#7 - FANTASTIC! Sorta bluesy lead line but fuzzed in one chord and kinda "tough" feel to the simple bass line. Shaky maraca percussion. 7 1/2 mins of dark drone.

#8 - GORGEOUS!!! Adorable happy bass line that swoops up and down. More fuzz. Beautiful simple vocal melody.

#9 - more of #3

#10 - more of #5

Hmm.... Apparently, by some mistake of the error, I accidentally listed all of the clues in the order that the songs appear on the CD. As such, congratulations everybody (if you're an attractive female)! And don't worry if you made a "boner" and missed a few; I didn't mean for my test to be so "hard on" you. No need to hire a private "dick" to watch me from when the rooster says "cock"-a-doodle-doo in the morning until I "prick" my arm with a heroin needle before bed at night. If your father's out of town, "woodie" mind if I came over to say hello? Great! I'll be there at 2:"69"!

Guy Who Thinks Fake Breasts Are Real

Reader Comments

Can't agree with you regarding the two "extended versions" Mark, can't agree with you at all at all, I just can't agree with you about them two rascals I mean I'm listening to the second one right now and it's like some kind of blissfully endless audio cement mixer so it is and sure when I heard it first I just knew I'd end up defending it online so here I am telling you I just can't agree with you about them two at all at all. The name is Noddy, don't wear it out. Am going now to read the rest of your Loop reviews so don't be surprised if I get back to you on account of some further provocation you might have perpetrated.

Add your thoughts?

Heaven's End - Mute 1987
Rating = 8

As an important and occasionally-paid work executive, I naturally have many clients that are embedded in the grifty bowels of high finance. And it's this "finance" experience that has allowed me to create the following brainteaser for the ages:

Q. What's the worst thing about being a teenaged dolphin?

A. Finacne!

So you see, typos are our friends. Or pals, at least. Take the word "carp" - Isn't it much more refreshing to read a note saying "I took a crap and put it in your fridge"? Or how about "teeth" - wouldn't you rather have "some guy's dick" in your mouth? Yes, typos! Unlike correct things, typos allow for a bit of individualism in this stodgy-shirted necro-world we call "Today". As Born Again Christian Roger McGuinn once sang, "I Wasn't Born To Follow."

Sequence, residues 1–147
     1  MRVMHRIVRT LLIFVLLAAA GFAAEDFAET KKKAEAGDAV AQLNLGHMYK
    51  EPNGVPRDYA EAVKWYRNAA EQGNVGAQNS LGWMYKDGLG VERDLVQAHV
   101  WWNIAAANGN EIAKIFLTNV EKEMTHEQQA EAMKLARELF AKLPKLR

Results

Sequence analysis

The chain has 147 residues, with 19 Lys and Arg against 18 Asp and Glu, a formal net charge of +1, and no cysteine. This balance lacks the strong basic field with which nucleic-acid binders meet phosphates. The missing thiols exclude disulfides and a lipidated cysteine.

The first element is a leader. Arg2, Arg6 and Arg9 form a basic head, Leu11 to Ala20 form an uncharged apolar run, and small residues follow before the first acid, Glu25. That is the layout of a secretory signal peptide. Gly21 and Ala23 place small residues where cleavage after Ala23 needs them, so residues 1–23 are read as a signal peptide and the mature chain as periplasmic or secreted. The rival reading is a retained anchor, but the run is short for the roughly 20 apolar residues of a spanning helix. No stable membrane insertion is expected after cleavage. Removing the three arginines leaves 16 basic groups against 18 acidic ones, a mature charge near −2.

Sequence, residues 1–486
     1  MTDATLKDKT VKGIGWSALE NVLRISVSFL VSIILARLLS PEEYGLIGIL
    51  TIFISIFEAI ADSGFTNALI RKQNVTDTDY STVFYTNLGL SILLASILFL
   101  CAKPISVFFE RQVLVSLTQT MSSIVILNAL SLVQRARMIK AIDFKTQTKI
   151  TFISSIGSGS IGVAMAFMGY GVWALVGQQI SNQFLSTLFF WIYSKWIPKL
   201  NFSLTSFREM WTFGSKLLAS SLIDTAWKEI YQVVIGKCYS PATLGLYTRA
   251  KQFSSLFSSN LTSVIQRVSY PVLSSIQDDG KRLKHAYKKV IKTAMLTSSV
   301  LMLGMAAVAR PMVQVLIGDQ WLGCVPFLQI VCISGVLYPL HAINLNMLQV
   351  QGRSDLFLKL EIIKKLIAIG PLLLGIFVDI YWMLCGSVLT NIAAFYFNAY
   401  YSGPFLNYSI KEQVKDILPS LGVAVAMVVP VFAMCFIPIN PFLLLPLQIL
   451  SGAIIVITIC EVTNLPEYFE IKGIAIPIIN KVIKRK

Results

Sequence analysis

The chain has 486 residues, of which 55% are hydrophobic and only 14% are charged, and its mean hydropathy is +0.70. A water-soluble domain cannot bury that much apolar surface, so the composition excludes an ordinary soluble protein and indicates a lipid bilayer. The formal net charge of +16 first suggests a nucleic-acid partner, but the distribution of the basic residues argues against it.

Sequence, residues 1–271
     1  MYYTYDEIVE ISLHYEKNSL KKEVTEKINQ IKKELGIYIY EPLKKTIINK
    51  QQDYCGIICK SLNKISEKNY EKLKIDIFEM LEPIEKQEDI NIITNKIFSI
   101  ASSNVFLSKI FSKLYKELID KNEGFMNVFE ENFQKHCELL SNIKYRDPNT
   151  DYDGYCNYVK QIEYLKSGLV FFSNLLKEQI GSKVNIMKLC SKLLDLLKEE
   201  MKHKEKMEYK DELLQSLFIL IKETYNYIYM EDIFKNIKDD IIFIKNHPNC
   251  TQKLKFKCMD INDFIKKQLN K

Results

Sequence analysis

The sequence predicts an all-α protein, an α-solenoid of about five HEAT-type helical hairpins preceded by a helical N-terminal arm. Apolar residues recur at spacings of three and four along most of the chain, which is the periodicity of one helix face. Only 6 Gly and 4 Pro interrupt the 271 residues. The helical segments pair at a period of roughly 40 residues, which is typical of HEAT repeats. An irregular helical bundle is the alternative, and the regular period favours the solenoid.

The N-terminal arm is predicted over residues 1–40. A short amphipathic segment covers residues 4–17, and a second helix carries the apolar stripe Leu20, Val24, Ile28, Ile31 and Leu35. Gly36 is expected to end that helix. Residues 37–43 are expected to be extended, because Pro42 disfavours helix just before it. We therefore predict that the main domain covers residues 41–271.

But one thing I WAS born to follow is the career of London's Loop. A beautiful stretch of highway connecting Yorkshire to

But one thing I WAS born to follow is the career of the London-based band Loop. Heaven's End, their first full studio album, will hypnotize and rock ya. The nice heavy bass, loud high-pitched fuzz guitar, wah-wah lead lickerish and manipulated feedback bring all kinds of dynamics and range to songs that otherwise have exactly one part. The drums sound monolithic like a caveman beating on rocks, but the phased, tremeloed guitar wash feels like druggy Heaven rolling liquidly down your earspine like bird urine from the sky. FUZZY! DIDDLY! WHOOOSHY!

Side two's weaker than side one though, and one of the songs is also on The World In Your Eyes. So on side two even more than usual, WHAT they're playing isn't the point so much as HOW IT SOUNDS. If these songs were played on a saxophone, I'd hate them. But then again, if strip poker were played on a saxophone, even by a group of very attractive singles, I'd hate IT too. So maybe the saxophone is the real problem here and not the songs at all. In fact, I'd probably give the album a 10 if not for the saxophone. Not that it currently HAS a saxophone, but if it did, it certainly wouldn't get a 10 the way it would if they were to get rid of the saxophone and replace it with a bunch of fuzzy guitars. As it is, I can only give it an 8.

The songwriting is pretty similar to that of the previous singles, with hypnotic druggy bass-and-fizz-driven space acid classics sharing space with a few basic proto-Stooges throwaways. Advances of note include an impressive musical feedback break in the middle of "Straight To Your Heart," mesmeric stinging arpeggiation in "Forever," "Tomorrow Never Knows"-style backwards/forwards guitar/drum experimentation in the title track, and a CLEAN ACOUSTIC guitar smothered in heavenly fuzz noise in "Carry Me." So for god's sake, take note of these advances.

One word of caution to parents, however; two of the songs are called "Head On" and "Soundhead." Unless you want to explain to your children what "head" is, how to give "head," and how much they should charge for "head," you may want to consider getting them a more child-friendly record, like Billy Joel's Piano Man or REO Speedwagon's You Can Tune A Piano But You Can't Tune A Fish.

Ooo, actually on second thought, you probably don't want to have explain to your kids what a "pianist" is either. Or, in the case of Billy Joel, a "pussy."

Reader Comments

While Peter Kember wants you to think that Loop were just a bunch of lowdown dirty unoriginal Spacemen 3 copyists, the truth is that Loop were actually a fairly different band, even if Robert Hampson did or didn't use inspiration/notes on guitar gear from Spacemen 3 to start his own band. And it's hilarious that a member of Spacemen 3 would have the balls to criticize anyone for lifting anything at all. ("O.D. Catastrophe" is "T.V. Eye," "Revolution" is "Black To Comm," "Ode To Street Hassle" is, obviously, a rewritten "Street Hassle," "Suicide" is basically "Rocket U.S.A." etc.)

Reasons Why Loop Were Different From Spacemen 3: